For some businesses along the Ion light rail transit line, 2016 has been a tough year.

Construction has left a number of streets closed to vehicles for several months.

In some cases, even accessing certain businesses on foot has been difficult.

And even now, as most roads either have reopened or are about to reopen, some businesses find themselves tallying up their losses and wondering if they have any way of recovering some of that money.

“There are a lot of concerned businesses out there,” says Ian Mathany, a lawyer with Toronto-based Borden Ladner Gervais LLP.

“Some of the smaller businesses are wondering if it’s something that they can survive.”

Mathany estimates that he’s been contacted by “close to 50” Waterloo Region businesses that have been affected by Ion construction.

Not all of them have decided to retain his services yet – but he says that’s not unusual, as legal action typically doesn’t get serious until work has wrapped up and the full extent of any damage is apparent.

“There are a lot of people who have inquired, but they’re a little bit unsure as to whether they’re planning to advance a claim or not,” Mathany says.

Michael Paiva, a partner at Kitchener’s Rodrigues Law, estimates that he’s spoken to 35 local business owners affected by Ion construction, “several” of whom have started moving through the process.

He says the flow of potential claims has kept him “relatively busy,” even though he was expecting more businesses to seek legal redress.

“I think a lot of people aren’t making claims that could be making claims,” he says.

Paiva says that he suspects some businesses aren’t entering the legal arena because they think they might end up on the hook for legal costs should they be unsuccessful, which usually isn’t true, or because they’ve been told that there’s “no point” to pursuing legal avenues – which, he says, also isn’t true.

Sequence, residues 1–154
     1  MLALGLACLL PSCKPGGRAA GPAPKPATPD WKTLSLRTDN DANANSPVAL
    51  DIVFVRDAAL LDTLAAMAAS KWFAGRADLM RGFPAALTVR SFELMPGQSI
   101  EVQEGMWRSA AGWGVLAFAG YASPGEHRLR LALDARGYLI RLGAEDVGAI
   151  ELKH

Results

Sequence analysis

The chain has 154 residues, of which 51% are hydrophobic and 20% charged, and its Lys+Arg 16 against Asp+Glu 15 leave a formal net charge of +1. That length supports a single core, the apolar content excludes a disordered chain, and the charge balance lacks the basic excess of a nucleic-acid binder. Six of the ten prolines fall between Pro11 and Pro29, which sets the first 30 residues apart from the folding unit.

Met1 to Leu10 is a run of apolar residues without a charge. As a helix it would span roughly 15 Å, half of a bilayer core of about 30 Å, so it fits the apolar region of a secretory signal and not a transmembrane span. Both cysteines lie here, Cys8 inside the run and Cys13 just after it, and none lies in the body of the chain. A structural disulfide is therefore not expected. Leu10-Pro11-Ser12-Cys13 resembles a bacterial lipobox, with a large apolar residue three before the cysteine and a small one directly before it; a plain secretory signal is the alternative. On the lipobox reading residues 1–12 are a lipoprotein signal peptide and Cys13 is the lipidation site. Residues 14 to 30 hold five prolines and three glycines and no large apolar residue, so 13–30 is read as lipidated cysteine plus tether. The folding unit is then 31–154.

“There’s no harm in getting an initial consultation, just to review how the project has impacted your business and what you think your losses are,” he says.

If a business decides to pursue legal action against their local government, one of their first steps is to meet with somebody like Tim Zimmerman.

Zimmerman is a chartered business valuator with Collins Barrow. He’s often used as an independent expert by businesses looking to differentiate between money lost due to construction and money that was lost during a period of construction, but due to other factors.

He says he’s been involved with “over a dozen” claims relating to the Ion project – though, like Mathany, he says most are very early in the process.

“We’ve been engaged by a fair number of businesses in the area to help them calculate their losses,” he says.

Any notices of claim that have been filed with the region – which are a step on the road to filing a claim for damages, but not outright claims themselves – have been filed under the Expropriations Act.

While experts describe the process as being similar to that of the court system, it’s not exactly the same. Instead, cases filed under the Expropriations Act end up being heard at the Ontario Municipal Board.

“Even though there’s a public project going on that is for the benefit of everybody, it shouldn’t come at the detriment of one particular business,” Mathany says.

“That’s what the Expropriations Act tries to do – to make sure that the cost of a public project is borne equally by the public.”

Mathany expects that the “vast majority” of cases in Waterloo Region will be resolved either through negotiation or with the help of a mediator, without ever making it to the OMB.

While OMB hearings are a public process, settlements reached via negotiation or mediation are typically not disclosed to the public – meaning taxpayers may never know exactly how much the region ends up shelling out.

With reporting by Abigail Bimman